MLB Set to Address Uniforms Following Outrage

Following months of complaints from players and fans, Major League Baseball sent out a memo stating it plans to address the uniform issues that have plagued the beginning of the season.

In the memo obtained by ESPN, MLB said it will make multiple changes no later than the beginning of next season. The changes include: Returning to larger lettering on the back of the jerseys, addressing the sweat issue with Nike’s new jersey template, and assuring that the gray tops and pants are the same color.

One of the main issues thus far has been the white pants being see-through. In the memo sent out by the MLB Players Association, blame was placed on Nike and its Vapor Premier uniform.

“This has been entirely a Nike issue,” the memo to players read. “At its core, what has happened here is that Nike was innovating something that didn’t need to be innovated.”

MLB and Nike became partners in 2019. As part of a 10-year/$1 billion deal for MLB, Nike took over as the official uniform supplier. However, Nike’s new Vapor Premier uniform didn’t debut until last year’s All-Star Game in Seattle.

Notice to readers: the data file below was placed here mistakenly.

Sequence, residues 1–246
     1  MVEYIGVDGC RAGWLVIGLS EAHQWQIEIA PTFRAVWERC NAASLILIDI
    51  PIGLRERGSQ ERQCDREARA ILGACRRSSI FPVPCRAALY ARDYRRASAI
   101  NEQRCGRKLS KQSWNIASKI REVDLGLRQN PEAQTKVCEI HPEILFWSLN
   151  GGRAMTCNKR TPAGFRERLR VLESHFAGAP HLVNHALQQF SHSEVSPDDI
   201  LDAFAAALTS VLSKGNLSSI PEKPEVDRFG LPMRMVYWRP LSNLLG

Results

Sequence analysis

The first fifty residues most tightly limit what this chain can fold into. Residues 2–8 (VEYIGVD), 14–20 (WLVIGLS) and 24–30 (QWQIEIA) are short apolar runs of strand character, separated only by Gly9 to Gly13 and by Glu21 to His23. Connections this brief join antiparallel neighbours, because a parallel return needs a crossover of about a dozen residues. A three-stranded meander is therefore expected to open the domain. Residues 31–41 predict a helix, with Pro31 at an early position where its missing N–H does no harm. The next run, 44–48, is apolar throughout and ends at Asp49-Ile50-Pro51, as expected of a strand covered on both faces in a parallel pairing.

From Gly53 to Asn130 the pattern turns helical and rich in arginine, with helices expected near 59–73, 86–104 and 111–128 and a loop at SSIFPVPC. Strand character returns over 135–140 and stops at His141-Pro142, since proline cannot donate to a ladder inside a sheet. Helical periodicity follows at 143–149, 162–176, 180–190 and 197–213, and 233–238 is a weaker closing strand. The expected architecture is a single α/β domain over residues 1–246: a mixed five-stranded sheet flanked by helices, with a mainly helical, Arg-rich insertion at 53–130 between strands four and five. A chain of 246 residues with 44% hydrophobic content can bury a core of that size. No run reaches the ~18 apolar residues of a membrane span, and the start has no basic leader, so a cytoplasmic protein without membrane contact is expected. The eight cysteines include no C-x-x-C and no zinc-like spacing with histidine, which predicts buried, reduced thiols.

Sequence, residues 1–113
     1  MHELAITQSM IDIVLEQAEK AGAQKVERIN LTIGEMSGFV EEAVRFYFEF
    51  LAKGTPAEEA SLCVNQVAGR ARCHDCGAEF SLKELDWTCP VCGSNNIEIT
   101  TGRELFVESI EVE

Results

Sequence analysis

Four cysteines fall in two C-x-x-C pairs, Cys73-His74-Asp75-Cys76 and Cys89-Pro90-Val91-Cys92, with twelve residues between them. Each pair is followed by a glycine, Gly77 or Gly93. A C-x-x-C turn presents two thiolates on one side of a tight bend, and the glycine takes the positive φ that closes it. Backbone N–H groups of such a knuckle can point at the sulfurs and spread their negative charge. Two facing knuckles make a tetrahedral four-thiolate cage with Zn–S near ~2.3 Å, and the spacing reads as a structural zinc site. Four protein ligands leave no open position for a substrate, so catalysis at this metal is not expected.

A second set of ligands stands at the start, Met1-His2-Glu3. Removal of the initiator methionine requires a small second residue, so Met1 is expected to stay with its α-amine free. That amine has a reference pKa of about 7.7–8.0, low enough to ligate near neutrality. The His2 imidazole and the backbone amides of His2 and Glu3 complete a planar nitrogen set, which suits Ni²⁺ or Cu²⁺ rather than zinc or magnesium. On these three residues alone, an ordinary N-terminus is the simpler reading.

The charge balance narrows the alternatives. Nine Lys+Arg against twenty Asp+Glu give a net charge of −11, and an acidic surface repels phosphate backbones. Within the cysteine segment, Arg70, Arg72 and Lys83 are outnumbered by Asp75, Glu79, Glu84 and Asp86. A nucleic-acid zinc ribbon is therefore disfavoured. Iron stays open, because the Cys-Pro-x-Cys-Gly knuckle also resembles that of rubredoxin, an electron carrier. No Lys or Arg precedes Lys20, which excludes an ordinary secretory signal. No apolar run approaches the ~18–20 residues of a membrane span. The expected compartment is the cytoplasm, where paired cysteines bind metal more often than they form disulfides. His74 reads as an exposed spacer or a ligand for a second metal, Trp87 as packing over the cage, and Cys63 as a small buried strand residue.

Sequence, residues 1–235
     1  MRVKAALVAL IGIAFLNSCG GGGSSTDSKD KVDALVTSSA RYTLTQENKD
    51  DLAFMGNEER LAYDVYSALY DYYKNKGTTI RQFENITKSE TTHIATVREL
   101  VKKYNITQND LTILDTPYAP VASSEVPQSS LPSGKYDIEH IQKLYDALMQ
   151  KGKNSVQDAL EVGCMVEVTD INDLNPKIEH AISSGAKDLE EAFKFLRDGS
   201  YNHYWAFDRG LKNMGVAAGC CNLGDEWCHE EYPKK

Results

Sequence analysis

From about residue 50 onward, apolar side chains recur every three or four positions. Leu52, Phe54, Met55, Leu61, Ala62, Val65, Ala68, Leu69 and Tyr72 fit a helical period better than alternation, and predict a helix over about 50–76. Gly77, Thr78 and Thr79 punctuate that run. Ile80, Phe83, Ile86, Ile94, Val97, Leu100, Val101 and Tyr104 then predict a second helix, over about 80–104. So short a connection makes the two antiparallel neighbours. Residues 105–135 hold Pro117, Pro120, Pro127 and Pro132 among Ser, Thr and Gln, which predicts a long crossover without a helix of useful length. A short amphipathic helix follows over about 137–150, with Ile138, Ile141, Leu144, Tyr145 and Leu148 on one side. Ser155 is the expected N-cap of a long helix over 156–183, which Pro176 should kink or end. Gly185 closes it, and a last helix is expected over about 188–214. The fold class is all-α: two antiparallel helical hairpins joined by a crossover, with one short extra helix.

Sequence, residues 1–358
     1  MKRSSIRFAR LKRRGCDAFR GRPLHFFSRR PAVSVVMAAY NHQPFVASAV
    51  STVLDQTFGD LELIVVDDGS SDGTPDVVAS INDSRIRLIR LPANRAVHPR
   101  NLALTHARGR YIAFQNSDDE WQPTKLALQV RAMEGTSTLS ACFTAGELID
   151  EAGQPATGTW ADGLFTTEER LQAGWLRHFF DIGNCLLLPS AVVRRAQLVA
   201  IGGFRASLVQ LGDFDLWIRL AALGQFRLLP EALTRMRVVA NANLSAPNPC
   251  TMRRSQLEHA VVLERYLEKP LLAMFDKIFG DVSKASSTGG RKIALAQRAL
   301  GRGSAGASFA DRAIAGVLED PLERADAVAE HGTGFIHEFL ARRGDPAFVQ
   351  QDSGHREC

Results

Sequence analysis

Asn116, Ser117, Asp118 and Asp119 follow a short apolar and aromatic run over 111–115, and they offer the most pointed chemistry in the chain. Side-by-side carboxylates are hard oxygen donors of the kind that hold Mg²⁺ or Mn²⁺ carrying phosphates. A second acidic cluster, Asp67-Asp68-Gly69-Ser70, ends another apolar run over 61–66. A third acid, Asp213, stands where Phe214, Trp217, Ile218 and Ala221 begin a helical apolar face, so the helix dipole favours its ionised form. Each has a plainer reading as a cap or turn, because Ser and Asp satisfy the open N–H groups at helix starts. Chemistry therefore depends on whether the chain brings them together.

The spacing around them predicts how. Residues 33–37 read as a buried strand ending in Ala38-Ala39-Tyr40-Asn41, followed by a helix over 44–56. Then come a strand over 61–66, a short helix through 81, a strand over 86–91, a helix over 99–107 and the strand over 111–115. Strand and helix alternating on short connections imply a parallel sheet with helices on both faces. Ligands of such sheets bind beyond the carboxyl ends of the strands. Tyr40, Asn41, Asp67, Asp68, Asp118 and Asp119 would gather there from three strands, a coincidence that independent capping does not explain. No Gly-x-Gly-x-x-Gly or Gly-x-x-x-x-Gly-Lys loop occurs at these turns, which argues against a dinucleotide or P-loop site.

“We cautioned Nike against various changes when they previewed them in 2022, particularly regarding pants,” the union memo read. “MLB had been, and has been, aware of our concerns as well. Unfortunately, until recently Nike’s position has essentially boiled down to — ‘nothing to see here, Players will need to adjust.'”

Players have complained that the new uniforms don’t have a ‘big-league feel’ to them, and there have been plenty of visible issues throughout the early parts of the season. Pants have ripped on routine slides, tops and bottoms have had mismatched colors, and sweat has made its presence known to fans watching live or at home.

And while the memo placed blame on Nike, it spoke highly of Fanatics — the manufacturer of the uniform.

“(Fanatics) recognizes the vital importance of soliciting Player feedback, obtaining Player buy-in and not being afraid to have difficult conversations about jerseys or trading cards. Our hope is that, moving forward, Nike will take a similar approach.”